On a sun drenched April day in 2016, I found myself standing on the side of a road in Wanaka, New Zealand, holding out my thumb with two Danish girls. We were hoping to be picked up by a generous stranger to give us a ride to the trailhead of Roy’s Peak. In a matter of minutes, an Austrian gentlemen already carrying two Germans, offered me a seat in his BMW. I quickly found myself swept up in stories of Bavaria and Vienna. Experiencing this cultural variety was common while I made my way around New Zealand.
During my first few weeks in New Zealand, I traveled from Queenstown to Wanaka by bus. This small town is situated on the banks of its namesake lake, providing its visitors with the perfect base camp to explore the surrounding region. Wanaka is located near Mt. Aspiring National Park, Rob Roy Glacier, and many other outdoor adventures. On that day in April, I wound up hiking to the summit of Roy’s Peak with the three men that picked me up. Roy’s Peak stands almost 5,200 feet above Wanaka. It is a popular hike due to its well kept trails. It is also a hike that can be completed in seven to eight hours. This makes it a good hike for those that do not want to camp outdoors. Although this hike is fairly easy, it will still leave the casual hiker exhausted. The hike is all open terrain, so it is highly encouraged that hikers wear sunscreen and bring plenty of water. The hike consists of switchbacks up the side of the mountain. On the way, you will encounter sheep, cattle, and many other hikers. Once you summit Roy’s Peak, you will have great views of Wanaka, the lake region, and of Rob Roy Glacier in the distance.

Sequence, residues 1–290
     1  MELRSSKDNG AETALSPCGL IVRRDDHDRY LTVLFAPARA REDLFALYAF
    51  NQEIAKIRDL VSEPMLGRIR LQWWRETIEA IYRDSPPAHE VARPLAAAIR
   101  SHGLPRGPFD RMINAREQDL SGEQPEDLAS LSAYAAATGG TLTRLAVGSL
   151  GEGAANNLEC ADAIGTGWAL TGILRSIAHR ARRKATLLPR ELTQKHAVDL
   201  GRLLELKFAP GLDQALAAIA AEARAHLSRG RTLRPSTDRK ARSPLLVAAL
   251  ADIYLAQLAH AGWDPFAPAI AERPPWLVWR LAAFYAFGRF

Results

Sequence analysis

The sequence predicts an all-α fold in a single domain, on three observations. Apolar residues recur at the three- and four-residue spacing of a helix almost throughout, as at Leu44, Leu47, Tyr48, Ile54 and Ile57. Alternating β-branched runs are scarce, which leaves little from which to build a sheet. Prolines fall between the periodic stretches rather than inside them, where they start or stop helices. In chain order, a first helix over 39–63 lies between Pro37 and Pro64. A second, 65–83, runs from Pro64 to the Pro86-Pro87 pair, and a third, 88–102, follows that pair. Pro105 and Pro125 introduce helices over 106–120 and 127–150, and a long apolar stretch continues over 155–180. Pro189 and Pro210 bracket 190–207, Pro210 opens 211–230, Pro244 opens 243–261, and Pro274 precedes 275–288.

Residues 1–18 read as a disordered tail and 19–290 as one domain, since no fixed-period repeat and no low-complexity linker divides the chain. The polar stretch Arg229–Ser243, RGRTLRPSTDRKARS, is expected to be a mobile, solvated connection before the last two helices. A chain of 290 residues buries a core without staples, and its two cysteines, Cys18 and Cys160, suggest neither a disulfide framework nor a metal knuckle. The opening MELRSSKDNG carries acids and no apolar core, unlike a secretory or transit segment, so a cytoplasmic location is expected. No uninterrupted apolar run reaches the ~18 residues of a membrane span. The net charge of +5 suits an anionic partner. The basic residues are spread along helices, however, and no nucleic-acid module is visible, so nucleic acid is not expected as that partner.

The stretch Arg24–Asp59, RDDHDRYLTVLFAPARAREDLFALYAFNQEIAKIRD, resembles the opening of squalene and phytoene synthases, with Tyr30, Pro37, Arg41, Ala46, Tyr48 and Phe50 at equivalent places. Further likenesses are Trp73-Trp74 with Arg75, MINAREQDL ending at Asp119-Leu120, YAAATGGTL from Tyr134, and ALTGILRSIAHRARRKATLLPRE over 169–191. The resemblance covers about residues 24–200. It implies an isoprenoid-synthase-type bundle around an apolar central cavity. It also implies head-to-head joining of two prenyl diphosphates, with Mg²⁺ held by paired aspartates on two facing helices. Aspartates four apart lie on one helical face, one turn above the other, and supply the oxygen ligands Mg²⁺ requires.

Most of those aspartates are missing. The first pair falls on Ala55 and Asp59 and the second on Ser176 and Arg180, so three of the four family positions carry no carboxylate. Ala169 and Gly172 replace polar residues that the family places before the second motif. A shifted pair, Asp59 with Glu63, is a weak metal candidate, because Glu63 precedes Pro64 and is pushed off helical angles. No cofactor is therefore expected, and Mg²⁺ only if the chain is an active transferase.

Once you finish the hike, there is a famous tree on your way back to town. This tree is simply referred to as the “Wanaka Tree” or “The Lone Tree.” It is supposedly the most photographed tree in New Zealand, but who could possibly keep those statistics? This willow has become the symbol of Wanaka and a fascinating tourist attraction. What makes the tree so interesting is that its base is constantly submerged in water, regardless of the time of day or season. Being an environmentalist and having a deep love for nature, it is always incredible to witness how different species learn to adapt and survive. The lone tree of Wanaka is a great example of the resilience of the earth.
My last stop in Wanaka was to get a taste of some beers from Butterfly Effect, known as B. Effect, brewery. This brewery was featured in Air New Zealand’s in-flight magazine, Kia Ora, which is where I discovered them. Butterfly Effect is a microbrewery established by James Hay. James creates the recipes for his brews in his garage in Wanaka and then has them brewed and bottled in Invercargill. I spoke with James over the phone when I arrived in Wanaka, to chat and ask him where to find his delicious brews. You can find four of his beers at the New World supermarket in town. I also had his red IPA on draught at Urban Grind restaurant. On an unrelated note, Urban Grind’s smoked salmon pizza is amazing.
Each of the bottles of Butterfly Effect beer tells the drinker what inspired the taste and the name of the beer. For example, the Cut Cat session IPA reads like this:
“Dave has a jet boat that goes like a Cut Cat. Stopped towards the top of the West arm of the Matukituki River by a boulder bank for lunch, we needed a beer for the occasion. Something packed with enough NZ citrus humulus lupulus buds to make Bob Marley smile but that would not get all fear and loathing and cause sand banks to jump out on the way back down, resulting in unintended groundings.”
I really enjoyed the Cut Cat beer. It is a session IPA brewed with hops from New Zealand. I prefer IPAs with a moderate level of hoppy flavor. The Cut Cat was refreshing and had a delightful citrus taste. I also highly recommend trying the Pop n Pils pilsner. Usually, pilsners have the reputation of being boring. However, James did an awesome job using the malts to give the beer a full body with loads of taste. You can visit his website here and check out what he is up to: http://www.beffect.co.nz/